Two of this week’s new releases seem to spend more time reminding audiences of other films rather than carving out niches of their own.
The November Man
Directed by Roger Donaldson
Much has changed since Pierce Brosnan played James Bond. For starters, the Bond character has been rebooted as something closer to an action hero (with weirdly introspective interludes) than the almost campy, suave character that Bond had become post Connery.
But we’ve also seen several frenetic Bourne movies and similar reboots of the Mission Impossible franchise. Along with Liam Neeson relaunching himself as an actor with a certain set of skills and others, such as Kevin Costner, trying to do the same.
“The November Man” has more I common with the “Taken” films than with the Bond series, with an ex agent drawn back into action to protect somebody close to him. The difference is that in this film the main character is caught up again in spy business, rather than being drawn into a relatively random international crime scenario. The similarity is that both films have that odd dynamic of non-American, American agents.
Sadly, one of the best characteristics of “Taken” was that “not in the spy business anymore” aspect, in which the special skillset gets applied elsewhere. Here, with Brosnan, we’re just given a fairly ordinary story of a retired agent who ends up facing a past trainee, as he tries to help extract a still active ex-colleague who has stumbled upon incriminating evidence against a Russian Presidential hopeful.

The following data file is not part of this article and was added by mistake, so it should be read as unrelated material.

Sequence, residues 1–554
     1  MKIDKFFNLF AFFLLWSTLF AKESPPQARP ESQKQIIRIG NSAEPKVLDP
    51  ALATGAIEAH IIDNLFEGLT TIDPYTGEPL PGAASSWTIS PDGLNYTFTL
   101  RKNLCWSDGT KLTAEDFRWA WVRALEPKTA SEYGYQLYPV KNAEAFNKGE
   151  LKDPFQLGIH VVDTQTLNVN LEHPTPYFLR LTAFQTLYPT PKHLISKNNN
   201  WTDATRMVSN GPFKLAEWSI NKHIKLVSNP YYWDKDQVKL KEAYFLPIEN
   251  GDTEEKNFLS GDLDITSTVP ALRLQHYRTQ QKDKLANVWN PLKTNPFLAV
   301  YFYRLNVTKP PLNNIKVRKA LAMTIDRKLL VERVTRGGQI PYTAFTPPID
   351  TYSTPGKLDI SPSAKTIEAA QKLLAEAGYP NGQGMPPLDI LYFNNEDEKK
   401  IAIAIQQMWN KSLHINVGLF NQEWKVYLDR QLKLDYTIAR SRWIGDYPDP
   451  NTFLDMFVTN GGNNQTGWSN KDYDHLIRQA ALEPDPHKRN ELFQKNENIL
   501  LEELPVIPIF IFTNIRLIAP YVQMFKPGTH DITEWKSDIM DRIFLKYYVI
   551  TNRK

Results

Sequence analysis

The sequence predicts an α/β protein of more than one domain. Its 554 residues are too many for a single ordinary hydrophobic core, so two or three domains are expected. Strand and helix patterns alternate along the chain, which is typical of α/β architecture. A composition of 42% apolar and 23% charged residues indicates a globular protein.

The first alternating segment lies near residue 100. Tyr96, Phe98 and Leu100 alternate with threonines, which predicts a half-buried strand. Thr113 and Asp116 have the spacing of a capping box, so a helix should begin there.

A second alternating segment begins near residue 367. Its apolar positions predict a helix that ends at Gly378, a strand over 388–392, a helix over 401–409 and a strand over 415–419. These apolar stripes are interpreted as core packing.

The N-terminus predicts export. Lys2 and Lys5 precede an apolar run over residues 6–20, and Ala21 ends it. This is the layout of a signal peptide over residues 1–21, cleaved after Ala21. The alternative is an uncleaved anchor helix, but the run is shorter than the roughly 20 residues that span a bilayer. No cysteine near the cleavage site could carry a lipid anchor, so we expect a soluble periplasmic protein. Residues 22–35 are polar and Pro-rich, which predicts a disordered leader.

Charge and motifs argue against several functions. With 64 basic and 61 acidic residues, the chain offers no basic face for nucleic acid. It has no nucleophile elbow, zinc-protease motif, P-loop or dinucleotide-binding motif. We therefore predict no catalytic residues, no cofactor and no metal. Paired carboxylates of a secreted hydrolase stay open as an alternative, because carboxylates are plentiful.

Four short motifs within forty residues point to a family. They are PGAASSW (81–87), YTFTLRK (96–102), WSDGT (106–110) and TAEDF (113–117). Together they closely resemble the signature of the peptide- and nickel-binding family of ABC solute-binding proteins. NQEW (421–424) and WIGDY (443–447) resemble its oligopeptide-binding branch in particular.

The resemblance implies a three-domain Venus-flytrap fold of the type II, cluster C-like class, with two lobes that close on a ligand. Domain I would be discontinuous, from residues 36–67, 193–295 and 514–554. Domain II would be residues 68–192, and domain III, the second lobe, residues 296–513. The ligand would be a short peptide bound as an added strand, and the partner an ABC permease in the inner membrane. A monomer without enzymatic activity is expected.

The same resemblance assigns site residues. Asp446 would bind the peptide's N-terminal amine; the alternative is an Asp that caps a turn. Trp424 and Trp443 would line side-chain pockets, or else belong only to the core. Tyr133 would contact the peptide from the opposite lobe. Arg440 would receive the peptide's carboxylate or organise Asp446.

The other recent film that “The November Man” brings to mind is “A Most Wanted Man,” starring the late Philip Seymour Hoffman. It’s not a positive comparison as the latter film shows how much better (enormously better) a modern spy drama can be. But both do at least benefit from realistically current premises, with plots deriving from conflicts that are easily forgotten by Western audiences, such as that between Russia and The Chechen Republic.
“The November Man” is unlikely to stir too many passions or even form too many deep memories, but it’s pleasantly watchable while it lasts. Which is more than can be said for….
As Above, So Below
Directed by John Erick Dowdle
This is one of the most annoying cases of deliberately “shaky cam” for a long time, and it has stiff competition in that regard. It’s also the latest example of a film that attempts the “found footage” approach, with all the camera work supposedly generated by characters within the film, as though that content might have been found later.
The problem is that it doesn’t really make much sense here, nor is it internally logical. At one point, a documentary filmmaker within the film, who doesn’t know in advance that a whole team of people is going to go underground, suddenly and casually explains that he has fitted the headlight gear of somebody else’s spelunking equipment with mini-cams. Apparently he just carries them with him for just such an occasions – a caving trip into catacombs that will later be the basis for an awful movie.
There’s really very little going on here – it’s a film that relies on claustrophobic tension and ghostly figures that appear in and out of the frame without warning. I suppose the upside of extreme camera movement is that it can serve as a mechanism for such quick cuts.
The story itself is some appalling confluence of “The Descent” and “The Da Vinci Code,” remade below a “National Treasure” level of stupidity, and blended through some inappropriate nostalgia for “The Blair Witch Project.” And I realize that’s an overused reference, but this is a film that should come with a free extra large bucket of hot buttered Dramamine.
One gets the sense that the writers spent so much time coming up with ridiculous codes and rhymes that lead to tenuous but apparently almost always correct interpretations, that they simply forgot altogether to write an ending. Although, if you last that long, you’ll probably just be glad it’s over.